Happy New Year! As we enter this new year, many of you are preparing for tax season. Here are some home ownership expenses that are typically tax deductible.
Your entire mortgage payment is not tax deductible. However, the portion that applies to interest paid during 2016 is. Your mortgage company will send you a tax form that details exactly how much interest you paid last year. If you purchased your home during 2016, check your closing statement to determine whether any pre-paid interest paid at closing is properly included in that statement.
If you closed on your home during 2016 and paid points on your loan, that amount may be tax deductible. Points are essentially pre-paid interest. You paid extra interest up-front in order to receive a lower interest rate over the life of your loan.
If you own a home, then you pay property taxes. You may pay it directly to your local municipality. For most homeowners, you pay a certain amount each month to your lender, which goes into an escrow account. Your lender then pays your tax bill using the funds from that account. The tax deductible amount is not what you paid into escrow each month but rather what was actually paid to the municipality for the tax year 2016.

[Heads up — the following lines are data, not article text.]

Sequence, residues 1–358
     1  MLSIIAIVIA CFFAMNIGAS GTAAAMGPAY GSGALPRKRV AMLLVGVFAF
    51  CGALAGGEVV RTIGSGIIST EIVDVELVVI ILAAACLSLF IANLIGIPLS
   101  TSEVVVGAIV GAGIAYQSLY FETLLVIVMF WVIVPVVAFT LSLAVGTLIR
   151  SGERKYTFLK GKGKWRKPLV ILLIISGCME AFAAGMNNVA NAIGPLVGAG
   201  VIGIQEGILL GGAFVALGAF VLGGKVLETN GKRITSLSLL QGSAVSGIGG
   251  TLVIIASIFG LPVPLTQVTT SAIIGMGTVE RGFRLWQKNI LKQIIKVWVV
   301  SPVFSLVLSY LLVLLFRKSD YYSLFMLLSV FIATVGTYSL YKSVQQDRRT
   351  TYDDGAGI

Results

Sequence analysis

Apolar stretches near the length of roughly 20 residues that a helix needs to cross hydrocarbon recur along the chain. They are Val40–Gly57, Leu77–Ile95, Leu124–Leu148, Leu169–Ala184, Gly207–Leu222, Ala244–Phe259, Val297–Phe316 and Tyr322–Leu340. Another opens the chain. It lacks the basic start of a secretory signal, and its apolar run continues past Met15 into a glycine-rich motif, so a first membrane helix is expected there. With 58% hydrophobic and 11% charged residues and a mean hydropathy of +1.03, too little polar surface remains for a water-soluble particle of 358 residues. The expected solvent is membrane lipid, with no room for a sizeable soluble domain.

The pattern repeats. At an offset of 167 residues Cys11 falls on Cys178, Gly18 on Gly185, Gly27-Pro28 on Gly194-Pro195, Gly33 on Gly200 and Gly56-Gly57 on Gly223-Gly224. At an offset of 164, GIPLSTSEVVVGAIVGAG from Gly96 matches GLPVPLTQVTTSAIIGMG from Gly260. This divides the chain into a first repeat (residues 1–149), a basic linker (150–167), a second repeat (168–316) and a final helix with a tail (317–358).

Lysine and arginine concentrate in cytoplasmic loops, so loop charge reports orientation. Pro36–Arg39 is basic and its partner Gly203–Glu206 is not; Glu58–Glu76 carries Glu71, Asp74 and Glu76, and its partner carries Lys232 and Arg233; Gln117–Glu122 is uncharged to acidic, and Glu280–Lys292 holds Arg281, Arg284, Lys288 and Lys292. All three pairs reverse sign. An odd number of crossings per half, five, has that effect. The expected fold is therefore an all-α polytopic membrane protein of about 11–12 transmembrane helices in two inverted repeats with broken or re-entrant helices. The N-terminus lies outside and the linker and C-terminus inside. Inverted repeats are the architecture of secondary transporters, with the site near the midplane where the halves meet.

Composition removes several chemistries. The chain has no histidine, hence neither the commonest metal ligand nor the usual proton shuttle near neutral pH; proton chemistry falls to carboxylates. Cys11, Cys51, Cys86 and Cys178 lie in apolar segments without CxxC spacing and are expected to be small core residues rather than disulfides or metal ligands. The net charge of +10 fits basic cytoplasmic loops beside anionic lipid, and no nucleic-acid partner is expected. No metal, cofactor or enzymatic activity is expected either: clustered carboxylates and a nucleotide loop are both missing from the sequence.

The tax form from your mortgage company usually includes the amount paid for property taxes. However, you’ll want to verify this figure. Some property tax bills cover months both before and after the due date. Additionally, there may be a property tax adjustment in your closing statement if you purchased in 2016.
If the down payment on your mortgage was less than 20%, you likely pay mortgage insurance each month. You may have also paid an up-front mortgage insurance premium at closing. These are typically tax deductible if your adjusted gross income is less than $100,000 and you closed on your home between 2007 and 2014. Other restrictions also apply. Provide your mortgage insurance premium details to your accountant to determine whether you qualify for this tax deduction.
Expenses that are not tax deductible
Above are the most common tax deductible expenses. It is equally important to note what expenses are not tax deductible. Homeowners insurance, title insurance, homeowners association dues, general closing costs, and home repairs for single family properties used as a primary residence are not tax deductible.
If you own a multi-family property that is both a primary residence and investment property, the rules are a bit different. Ask your accountant for details on additional expenses that you may be able to deduct for investment properties.
By Suzanne Plewes, RE/MAX Alliance in Loveland
Suzanne Plewes is a broker associate at RE/MAX Alliance. Write to 750 W. Eisenhower Blvd., Loveland, CO 80537, call 970.290.0373 or e-mail email@example.com.